1. Receptor-Based Discovery Strategies for Insecticides and Parasiticides: A Review Debra Woods, Cheryl Butler, Tracey Williams and Karen Greenwood Abstract Introduction Mechanistic Receptor-Based Screens Selection of Compounds for Screening‘Hit-to-Lead’: Converting a Mechanistic Screen Active into a Lead Molecule Lead-to-Candidate: Identification of Molecules for Progressionto Market Conclusion and Discussion 2. Nonpeptide Ligands for Peptidergic G Protein-Coupled Receptors Timothy G. Geary Abstract Introduction Druggable Targets in Neuropeptidergic Signaling Neuropeptide-Targeted Drugs: Basic Features Historical Perspectives Screening for Novel Nonpeptide Ligands Discovery of Novel Nonpeptide Ligands through Screening Design Current Status Applications in Invertebrate Systems: General Considerations Conclusion 3. Interaction of Mimetic Analogs of Insect Kinin Neuropeptides with Arthropod Receptors Ronald J. Nachman and Patricia V. Pietrantonio Abstract Introduction Functional Analysis of Arthropod Receptors Selective for Insect Kinins Chemical, Conformational and Stereochemical Aspects of Receptor Interaction Interaction of Biostable Insect Kinin Analogs with Receptors and Activity in In Vitro and In Vivo Bioassays C-Terminal Aldehyde Analogs of Insect Kinins Nonpeptide Mimetic Agonists/Antagonists of Expressed Insect Kinin Receptors Prospects for Enhanced Topical and/or Oral Bioavailability Conclusion 4. Neuropeptides in Helminths: Ocurrence and Distribution Nikki J. Marks and Aaron G. Maule Abstract Introduction Nematode Neuropeptides Platyhelminth Neuropeptides Targets for Parasite Control Conclusion Note Added in Proof 5. Neuropeptide Physiology in Helminths Angela Mousley, Ekaterina Novozhilova, Michael J. Kimber and Tim A. Day Abstract Introduction Neuropeptide Function in Nematodes Neuropeptide Function in Platyhelminths Conclusion 6. Neuropeptide Gene Fa milies in Caenorhabditis elegans Chris Li and Kyuhyung Kim Abstract Identification of Neuropeptide Genes in C. elegans Expression of Neuropeptide Genes Cleavage and Processing of Neuropeptides Biochemical Isolation of Neuropeptides Neuropeptide Function Behaviors Affected by Multiple Classes of Neuropeptides Neuropeptide Receptors Pharmacology of FLP Neuropeptides Conclusion 7. Control of Nematode Parasites with Agents Acting on Neuro-Musculature Systems: Lessons for Neuropeptide Ligand Discovery Richard J. Martin and Alan P. Robertson Abstract The Existing Anti-Nematodal Drugs with Effects on Neuromuscular Systems Resistance Is Predicted Broad Spectrum or Narrow Spectrum Potential Problems Associated with Neuropeptide Receptors as Target Sites for Anthelmintics High-Throughput Screens for Neuropeptide Ligands Toxicity and Safety Conclusion 8. Neuropeptide signaling in insects Miriam Altstein and Dick R. Nässel Abstract Introduction Neuropeptides: Their biosynthesis, processing and expression Neuropeptides families, GPCRs and peptide functions Insect neuropeptides as potential targets for pest management Conclusion Addendum 9. Neuropeptide Physiology in Insects William G. Bendena Abstract Introduction Neuropeptide Biosynthesis and Action Potential Physiological Targets for Pest Control Future Developments Conclusion 10. Neuropeptide Biology in Drosophila Elke Clynen, Ank Reumer, Geert Baggerman, Inge Mertens and Liliane Schoofs Abstract Introduction: Drosophila as a Model to Study Neuropeptide Signaling Bioinformatics Neuropeptidomics Deorphanization of Drosophila Neuropeptide GPCRs Functional Role of Neuropeptides: Localization, Reverse Genetics and Bioassays Other Neuronal Molecules as Potential Targets for Insecticides Conclusion 11. Neuropeptide Receptors as Possible Targets for Development of Insect Pest Control Agents Matthias B. Van Hiel, Tom Van Loy, Jeroen Poels, Hans Peter Vandersmissen,Heleen Verlinden, Liesbeth Badisco and Jozef Vanden Broeck Abstract Introduction Receptors Controlling Insect Development Diuretic Hormone Receptors as Regulators of Water and Salt Balances AKH Receptors are Involved in the Control of Energy Metabolism Receptors with a Role in Behavior Receptors Controlling Insect Reproduction Future Prospects and Conclusion Note Added in Proof INDEX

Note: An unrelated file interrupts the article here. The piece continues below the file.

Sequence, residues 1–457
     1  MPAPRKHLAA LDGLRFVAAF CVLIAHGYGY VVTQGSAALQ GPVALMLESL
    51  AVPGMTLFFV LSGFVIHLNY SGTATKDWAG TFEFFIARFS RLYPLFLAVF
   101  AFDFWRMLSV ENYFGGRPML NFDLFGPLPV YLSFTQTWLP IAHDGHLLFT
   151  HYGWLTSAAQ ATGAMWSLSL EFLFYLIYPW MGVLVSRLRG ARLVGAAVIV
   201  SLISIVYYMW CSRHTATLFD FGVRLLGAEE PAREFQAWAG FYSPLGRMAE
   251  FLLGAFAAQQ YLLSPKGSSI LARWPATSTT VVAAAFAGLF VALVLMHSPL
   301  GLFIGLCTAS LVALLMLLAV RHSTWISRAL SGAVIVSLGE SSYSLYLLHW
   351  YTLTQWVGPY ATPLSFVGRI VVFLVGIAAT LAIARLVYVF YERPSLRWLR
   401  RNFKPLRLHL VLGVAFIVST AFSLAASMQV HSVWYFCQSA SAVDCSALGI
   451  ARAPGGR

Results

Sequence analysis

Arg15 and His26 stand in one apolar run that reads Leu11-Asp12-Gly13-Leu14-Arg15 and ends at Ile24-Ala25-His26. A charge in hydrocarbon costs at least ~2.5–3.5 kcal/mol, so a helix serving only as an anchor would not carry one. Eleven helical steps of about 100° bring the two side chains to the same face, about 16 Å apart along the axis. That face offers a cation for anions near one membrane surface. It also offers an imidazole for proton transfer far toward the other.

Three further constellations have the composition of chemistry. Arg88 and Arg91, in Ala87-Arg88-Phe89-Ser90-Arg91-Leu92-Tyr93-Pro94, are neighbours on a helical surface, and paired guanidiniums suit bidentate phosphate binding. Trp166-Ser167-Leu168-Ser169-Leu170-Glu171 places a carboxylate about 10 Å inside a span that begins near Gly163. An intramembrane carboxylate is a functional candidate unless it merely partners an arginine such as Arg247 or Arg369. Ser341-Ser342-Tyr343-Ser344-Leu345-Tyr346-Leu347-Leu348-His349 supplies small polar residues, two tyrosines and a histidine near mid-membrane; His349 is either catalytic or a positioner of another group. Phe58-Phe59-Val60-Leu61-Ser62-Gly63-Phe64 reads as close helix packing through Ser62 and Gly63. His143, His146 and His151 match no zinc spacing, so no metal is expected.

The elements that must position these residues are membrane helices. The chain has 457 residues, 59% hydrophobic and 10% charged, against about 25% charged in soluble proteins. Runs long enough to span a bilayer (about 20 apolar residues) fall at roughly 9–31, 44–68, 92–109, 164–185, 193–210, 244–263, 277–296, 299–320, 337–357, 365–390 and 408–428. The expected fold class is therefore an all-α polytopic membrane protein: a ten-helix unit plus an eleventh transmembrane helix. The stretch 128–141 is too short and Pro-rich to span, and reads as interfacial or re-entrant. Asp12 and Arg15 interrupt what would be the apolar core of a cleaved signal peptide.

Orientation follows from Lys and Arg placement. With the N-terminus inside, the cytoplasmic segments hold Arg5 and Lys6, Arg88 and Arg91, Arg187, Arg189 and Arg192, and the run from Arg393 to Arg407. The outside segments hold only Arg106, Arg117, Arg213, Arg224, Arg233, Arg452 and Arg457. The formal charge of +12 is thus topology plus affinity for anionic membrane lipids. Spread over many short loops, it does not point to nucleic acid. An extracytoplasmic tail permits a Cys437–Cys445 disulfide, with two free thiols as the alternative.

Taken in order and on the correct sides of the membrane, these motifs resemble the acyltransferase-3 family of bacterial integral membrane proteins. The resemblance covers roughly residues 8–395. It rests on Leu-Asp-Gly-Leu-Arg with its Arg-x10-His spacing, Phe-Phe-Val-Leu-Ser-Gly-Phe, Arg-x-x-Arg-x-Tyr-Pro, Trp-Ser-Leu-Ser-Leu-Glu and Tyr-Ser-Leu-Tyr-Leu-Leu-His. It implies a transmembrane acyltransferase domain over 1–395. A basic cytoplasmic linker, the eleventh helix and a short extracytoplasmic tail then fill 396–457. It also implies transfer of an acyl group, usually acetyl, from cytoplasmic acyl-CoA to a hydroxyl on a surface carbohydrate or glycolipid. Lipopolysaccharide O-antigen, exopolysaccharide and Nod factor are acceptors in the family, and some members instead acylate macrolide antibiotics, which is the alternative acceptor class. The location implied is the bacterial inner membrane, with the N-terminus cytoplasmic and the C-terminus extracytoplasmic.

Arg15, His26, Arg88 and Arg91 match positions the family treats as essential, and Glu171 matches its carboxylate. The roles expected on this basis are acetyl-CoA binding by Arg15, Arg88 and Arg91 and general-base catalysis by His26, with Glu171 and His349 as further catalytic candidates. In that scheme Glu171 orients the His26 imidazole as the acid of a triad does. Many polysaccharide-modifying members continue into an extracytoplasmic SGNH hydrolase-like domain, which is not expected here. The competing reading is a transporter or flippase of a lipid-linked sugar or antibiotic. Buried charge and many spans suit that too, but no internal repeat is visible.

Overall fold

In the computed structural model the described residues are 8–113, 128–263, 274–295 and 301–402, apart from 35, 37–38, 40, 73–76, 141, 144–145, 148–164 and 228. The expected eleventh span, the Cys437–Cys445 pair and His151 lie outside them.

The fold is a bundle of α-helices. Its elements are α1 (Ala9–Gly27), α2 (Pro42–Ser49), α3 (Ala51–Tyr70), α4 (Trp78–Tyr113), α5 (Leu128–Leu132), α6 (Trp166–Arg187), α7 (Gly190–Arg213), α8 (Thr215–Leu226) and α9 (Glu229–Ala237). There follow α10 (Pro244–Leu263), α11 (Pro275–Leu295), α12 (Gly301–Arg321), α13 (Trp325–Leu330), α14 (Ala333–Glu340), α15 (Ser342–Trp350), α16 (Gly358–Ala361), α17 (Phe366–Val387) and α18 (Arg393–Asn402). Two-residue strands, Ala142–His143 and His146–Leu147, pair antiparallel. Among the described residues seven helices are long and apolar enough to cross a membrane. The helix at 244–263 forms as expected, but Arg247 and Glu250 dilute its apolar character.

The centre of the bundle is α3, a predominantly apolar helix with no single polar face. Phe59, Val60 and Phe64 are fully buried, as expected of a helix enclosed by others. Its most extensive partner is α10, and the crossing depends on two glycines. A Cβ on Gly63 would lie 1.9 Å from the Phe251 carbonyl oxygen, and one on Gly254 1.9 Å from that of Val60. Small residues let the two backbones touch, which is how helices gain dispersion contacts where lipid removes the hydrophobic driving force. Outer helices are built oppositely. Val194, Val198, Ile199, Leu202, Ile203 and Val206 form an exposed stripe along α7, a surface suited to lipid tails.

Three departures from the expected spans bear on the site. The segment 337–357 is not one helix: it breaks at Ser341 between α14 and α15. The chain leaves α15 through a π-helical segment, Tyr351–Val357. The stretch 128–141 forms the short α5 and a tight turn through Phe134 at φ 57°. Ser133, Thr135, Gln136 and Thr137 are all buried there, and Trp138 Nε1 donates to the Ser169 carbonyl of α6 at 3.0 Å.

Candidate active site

Authors & Editors
TIMOTHY G. GEARY is a Tier I Canada Research Chair and is Professor and Director of the Institute of Parasitology at McGill University in Montréal, Québec, Canada. Geary received a BSc degree from the University of Notre Dame in South Bend, IN (USA) and a PhD in Pharmacology from the University of Michigan in Ann Arbor, MI (USA, 1980). He worked on malaria chemotherapy at Michigan State University in East Lansing, MI (USA) until 1985, when he joined The Upjohn Company in Kalamazoo, MI (USA) as a staff scientist working on discovery of antiparasitic drugs. Geary joined the Faculty at McGill in 2005; research interests include proteomics and genomics analyses of the host-parasite interface, discovery of anthelmintics and the pharmacology of antiparasitic drugs. AARON G. MAULE is a Director of Research for Molecular Biosciences and Professor of Molecular Parasitology at Queen’s University Belfast, Northern Ireland. Maule was awarded a BSc(Hons) in Biology (1986) and a PhD in Experimental Parasitology (1989) at Queen’s where he began working on parasite neuromuscular systems. He focused on molecular aspects of parasite neurobiology during postdoctoral positions at Queen’s and at The Upjohn Company in Kalamazoo, MI (USA). Maule returned to Queen’s as a member of academic staff in 1995 to pursue the basic biology of helminth signaling systems. Research interests include parasite neurobiology and the development and exploitation of gene silencing platforms for target validation and parasite control.